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Opiate purveyor spends big to oppose marijuana initiative

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A Chandler firm that could lose business from legalized marijuana is now the largest contributor to a campaign to stop that from happening here.

Reports filed with the secretary of state’s office show Insys Therapeutics, whose sole product is an opiate spray to treat pain for cancer patients, gave $500,000 to Arizonans for Responsible Drug Policy. That is nearly four times more than the second largest donation of $110,000 from the Arizona Chamber of Commerce and Industry to try to defeat Proposition 205.

J.P. Holyoak, who chairs the committee pushing the initiative, said the interest of pharmaceutical companies in keeping marijuana illegal comes down to protection of profits. He said firms don’t want the competition.

“They want to be able to push their far more addictive, far more harmful and far more dangerous opioid drugs,” Holyoak said. He said that is particularly true of a company like Insys whose business relies solely on a single product that has received federal approval: Subsys, a sublingual fentanyl spray.

Adam Deguire, campaign manager for the anti-205 effort, did not address the financial interest of firms like Insys in keeping marijuana illegal, referring that question to the company.

In its own prepared statement, Insys said it opposes the initiative “because it fails to protect the safety of Arizona’s citizens, and particularly its children.” And the company noted that the U.S. Food and Drug Administration has not approved marijuana for any medical use.

“We believe that all available medicines should meet the clinical standards set by the FDA,” the statement says.

The statement says Insys has nothing against the cannabinoids, the ingredients in marijuana, assuming they are properly used. In fact, the company’s web site says it has seven such products in various stages of development.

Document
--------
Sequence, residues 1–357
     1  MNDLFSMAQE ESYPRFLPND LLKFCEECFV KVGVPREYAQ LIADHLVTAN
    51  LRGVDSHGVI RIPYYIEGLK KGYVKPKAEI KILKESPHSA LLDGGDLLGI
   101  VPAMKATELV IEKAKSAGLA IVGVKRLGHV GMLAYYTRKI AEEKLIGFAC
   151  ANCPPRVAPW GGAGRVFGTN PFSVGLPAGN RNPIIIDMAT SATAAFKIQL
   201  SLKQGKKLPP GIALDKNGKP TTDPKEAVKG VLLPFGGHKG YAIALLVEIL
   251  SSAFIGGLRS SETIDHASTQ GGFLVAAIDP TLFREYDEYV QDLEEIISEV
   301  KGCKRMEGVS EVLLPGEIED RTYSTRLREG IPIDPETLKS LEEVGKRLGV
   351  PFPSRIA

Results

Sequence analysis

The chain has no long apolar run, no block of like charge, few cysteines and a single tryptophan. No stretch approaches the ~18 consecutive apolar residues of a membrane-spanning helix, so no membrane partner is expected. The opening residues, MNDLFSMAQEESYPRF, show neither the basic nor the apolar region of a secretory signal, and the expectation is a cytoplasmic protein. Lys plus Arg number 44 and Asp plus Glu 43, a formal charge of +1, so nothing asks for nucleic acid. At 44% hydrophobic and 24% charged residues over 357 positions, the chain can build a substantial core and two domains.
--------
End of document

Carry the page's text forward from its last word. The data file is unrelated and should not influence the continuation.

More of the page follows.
Deguire, for his part, said there’s also reason to look at who is supporting Proposition 205.

Most of the cash has come from the Marijuana Policy Project, an out-of-state interest. And he noted a series of five-figure checks from donors who that “stand to make millions if Prop 205 passes, with no regards to its negative effects.”

That list includes companies that currently operate medical marijuana dispensaries. As crafted, the initiative gives them first crack at getting one of the limited number of licenses that will be available through 2020 to sell marijuana.

Holyoak did not dispute that fact.

“Proposition 205 may potentially benefit some of the existing dispensary owners,” he conceded. “This is still an economy and they’re going to be winners and losers.”

But Holyoak defended the limit of 147 marijuana shops statewide the initiative would allow.

If approved in November, the measure would allow any adult to use marijuana for any reason, including recreational, as well as grow their own plants. It also would provide certain protections to marijuana users against losing their jobs or child visitation rights solely because of the legal use of the drug.